Skip to Content

Pegaspargase

Medically reviewed by Drugs.com. Last updated on Aug 1, 2020.

Pronunciation

(peg AS par jase)

Index Terms

  • L-asparaginase with Polyethylene Glycol
  • PEG-ASP
  • PEG-asparaginase
  • PEG-L-asparaginase
  • PEGLA
  • Polyethylene Glycol-L-asparaginase

Dosage Forms

Excipient information presented when available (limited, particularly for generics); consult specific product labeling.

Solution, Injection [preservative free]:

Oncaspar: 750 units/mL (5 mL)

Brand Names: U.S.

  • Oncaspar

Pharmacologic Category

  • Antineoplastic Agent, Enzyme
  • Antineoplastic Agent, Miscellaneous

Pharmacology

Pegaspargase is a modified version of L-asparaginase, conjugated with monomethoxypolyethylene glycol (mPEG). In leukemic cells, asparaginase hydrolyzes L-asparagine to ammonia and L-aspartic acid, leading to depletion of asparagine. Leukemia cells require exogenous asparagine; normal cells can synthesize asparagine. Asparagine depletion in leukemic cells leads to inhibition of protein synthesis and apoptosis.

Distribution

Vdss: 1.86 L/m2 (following a single IM dose of 2,500 units/m2); ~2 L (following a single IV dose of 2,500 units/m2); Asparaginase-naive adults: IV: 2.4 L/m2 (Douer 2007).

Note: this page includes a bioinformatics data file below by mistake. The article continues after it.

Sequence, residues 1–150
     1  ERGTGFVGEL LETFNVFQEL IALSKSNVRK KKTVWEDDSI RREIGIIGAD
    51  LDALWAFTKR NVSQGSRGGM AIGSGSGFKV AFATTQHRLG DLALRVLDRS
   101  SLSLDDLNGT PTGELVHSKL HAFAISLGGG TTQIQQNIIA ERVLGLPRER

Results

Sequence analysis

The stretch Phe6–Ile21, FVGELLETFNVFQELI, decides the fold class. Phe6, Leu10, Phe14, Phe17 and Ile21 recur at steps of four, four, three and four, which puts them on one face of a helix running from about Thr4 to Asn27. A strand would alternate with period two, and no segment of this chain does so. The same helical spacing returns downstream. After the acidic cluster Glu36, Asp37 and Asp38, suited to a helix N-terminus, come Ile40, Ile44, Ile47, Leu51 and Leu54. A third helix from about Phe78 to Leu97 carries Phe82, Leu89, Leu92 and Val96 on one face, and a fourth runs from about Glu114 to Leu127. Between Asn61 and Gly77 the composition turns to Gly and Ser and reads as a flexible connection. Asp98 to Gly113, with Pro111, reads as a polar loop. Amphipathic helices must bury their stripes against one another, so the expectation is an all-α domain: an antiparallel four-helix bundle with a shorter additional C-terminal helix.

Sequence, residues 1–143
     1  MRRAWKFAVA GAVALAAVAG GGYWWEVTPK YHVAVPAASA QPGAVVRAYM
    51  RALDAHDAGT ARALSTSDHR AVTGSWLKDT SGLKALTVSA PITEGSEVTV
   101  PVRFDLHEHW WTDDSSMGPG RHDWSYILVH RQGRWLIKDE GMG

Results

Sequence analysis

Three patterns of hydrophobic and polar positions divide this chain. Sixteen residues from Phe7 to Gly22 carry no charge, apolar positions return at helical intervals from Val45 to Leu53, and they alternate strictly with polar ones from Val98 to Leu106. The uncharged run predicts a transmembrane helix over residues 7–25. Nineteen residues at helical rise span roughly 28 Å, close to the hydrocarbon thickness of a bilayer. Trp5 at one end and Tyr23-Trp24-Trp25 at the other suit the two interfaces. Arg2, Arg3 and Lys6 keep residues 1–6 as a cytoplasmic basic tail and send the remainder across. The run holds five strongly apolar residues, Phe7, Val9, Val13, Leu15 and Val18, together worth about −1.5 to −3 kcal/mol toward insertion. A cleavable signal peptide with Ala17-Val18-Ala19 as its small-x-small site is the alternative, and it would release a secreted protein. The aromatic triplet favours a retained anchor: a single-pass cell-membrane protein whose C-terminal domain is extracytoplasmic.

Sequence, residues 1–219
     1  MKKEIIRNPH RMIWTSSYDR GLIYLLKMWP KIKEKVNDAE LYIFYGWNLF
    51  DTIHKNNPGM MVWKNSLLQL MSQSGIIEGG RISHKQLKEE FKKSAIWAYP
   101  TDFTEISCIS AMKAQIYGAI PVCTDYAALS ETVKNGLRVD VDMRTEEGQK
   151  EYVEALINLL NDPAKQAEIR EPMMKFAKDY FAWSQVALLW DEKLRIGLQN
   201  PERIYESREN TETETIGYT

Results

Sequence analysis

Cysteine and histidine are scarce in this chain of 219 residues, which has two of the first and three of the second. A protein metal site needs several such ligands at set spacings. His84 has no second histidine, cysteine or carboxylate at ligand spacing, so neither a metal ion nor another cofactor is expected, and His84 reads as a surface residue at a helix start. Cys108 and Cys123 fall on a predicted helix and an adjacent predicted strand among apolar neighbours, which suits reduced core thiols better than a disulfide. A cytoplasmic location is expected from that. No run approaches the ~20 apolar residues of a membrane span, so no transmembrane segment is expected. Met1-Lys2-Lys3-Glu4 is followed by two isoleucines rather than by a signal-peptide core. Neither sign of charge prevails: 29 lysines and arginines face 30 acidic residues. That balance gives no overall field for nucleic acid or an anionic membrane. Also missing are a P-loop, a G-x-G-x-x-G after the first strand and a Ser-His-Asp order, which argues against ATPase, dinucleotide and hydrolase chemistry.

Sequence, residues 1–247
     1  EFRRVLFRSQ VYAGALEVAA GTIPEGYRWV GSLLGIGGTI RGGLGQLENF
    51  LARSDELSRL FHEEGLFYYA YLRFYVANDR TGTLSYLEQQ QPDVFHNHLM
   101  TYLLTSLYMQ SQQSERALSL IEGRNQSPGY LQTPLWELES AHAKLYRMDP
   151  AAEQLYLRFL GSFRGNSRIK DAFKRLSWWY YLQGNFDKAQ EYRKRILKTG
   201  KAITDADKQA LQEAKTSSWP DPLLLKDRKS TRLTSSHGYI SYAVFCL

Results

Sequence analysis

Metabolism

Systemically degraded

Excretion

Clearance: 0.17 L/m2/day (following a single IM dose of 2,500 units/m2); 0.2 L/day (following a single IV dose of 2,500 units/m2)

Onset of Action

Mean maximum asparaginase activity: On day 5 (following a single IM dose of 2,500 units/m2)

Duration of Action

Asparagine depletion: IV (in asparaginase-naive adults): 2 to 4 weeks (Douer 2007); IM: ~21 days

Half-Life Elimination

~5.8 days (following a single IM dose of 2,500 units/m2); ~5.3 days (following a single IV dose of 2,500 units/m2); Asparaginase-naive adults: IV: 7 days (Douer 2007)

Use: Labeled Indications

Acute lymphoblastic leukemia and hypersensitivity to asparaginase: Treatment of acute lymphoblastic leukemia (ALL) in pediatric and adult patients with hypersensitivity to native forms of L-asparaginase (as a component of a multiagent chemotherapy regimen)

Acute lymphoblastic leukemia, first-line treatment: First-line treatment of ALL (as a component of a multiagent chemotherapy regimen) in pediatric and adult patients

Contraindications

History of serious hypersensitivity reactions (including anaphylaxis) to pegaspargase or any component of the formulation; history of serious thrombosis with prior L-asparaginase therapy; history of pancreatitis (including pancreatitis associated with prior L-asparaginase therapy; history of serious hemorrhagic events with prior L-asparaginase therapy; severe hepatic impairment